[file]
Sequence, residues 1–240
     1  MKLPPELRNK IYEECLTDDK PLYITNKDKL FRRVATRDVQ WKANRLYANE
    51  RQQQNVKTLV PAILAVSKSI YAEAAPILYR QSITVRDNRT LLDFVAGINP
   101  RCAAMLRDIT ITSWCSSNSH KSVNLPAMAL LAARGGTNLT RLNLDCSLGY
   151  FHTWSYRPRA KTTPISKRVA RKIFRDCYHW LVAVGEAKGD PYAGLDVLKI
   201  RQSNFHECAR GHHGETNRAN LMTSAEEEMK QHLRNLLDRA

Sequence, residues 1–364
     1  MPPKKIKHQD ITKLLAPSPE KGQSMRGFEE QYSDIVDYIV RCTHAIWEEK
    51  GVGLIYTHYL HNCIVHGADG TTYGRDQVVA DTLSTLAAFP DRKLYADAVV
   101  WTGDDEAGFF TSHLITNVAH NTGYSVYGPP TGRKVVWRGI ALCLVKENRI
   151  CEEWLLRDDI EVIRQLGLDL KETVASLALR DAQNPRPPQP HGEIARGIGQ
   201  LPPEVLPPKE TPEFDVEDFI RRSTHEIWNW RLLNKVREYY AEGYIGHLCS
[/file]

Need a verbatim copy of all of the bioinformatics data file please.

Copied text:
Sequence, residues 1–240
     1  MKLPPELRNK IYEECLTDDK PLYITNKDKL FRRVATRDVQ WKANRLYANE
    51  RQQQNVKTLV PAILAVSKSI YAEAAPILYR QSITVRDNRT LLDFVAGINP
   101  RCAAMLRDIT ITSWCSSNSH KSVNLPAMAL LAARGGTNLT RLNLDCSLGY
   151  FHTWSYRPRA KTTPISKRVA RKIFRDCYHW LVAVGEAKGD PYAGLDVLKI
   201  RQSNFHECAR GHHGETNRAN LMTSAEEEMK QHLRNLLDRA

Sequence, residues 1–364
     1  MPPKKIKHQD ITKLLAPSPE KGQSMRGFEE QYSDIVDYIV RCTHAIWEEK
    51  GVGLIYTHYL HNCIVHGADG TTYGRDQVVA DTLSTLAAFP DRKLYADAVV
   101  WTGDDEAGFF TSHLITNVAH NTGYSVYGPP TGRKVVWRGI ALCLVKENRI
   151  CEEWLLRDDI EVIRQLGLDL KETVASLALR DAQNPRPPQP HGEIARGIGQ
   201  LPPEVLPPKE TPEFDVEDFI RRSTHEIWNW RLLNKVREYY AEGYIGHLCS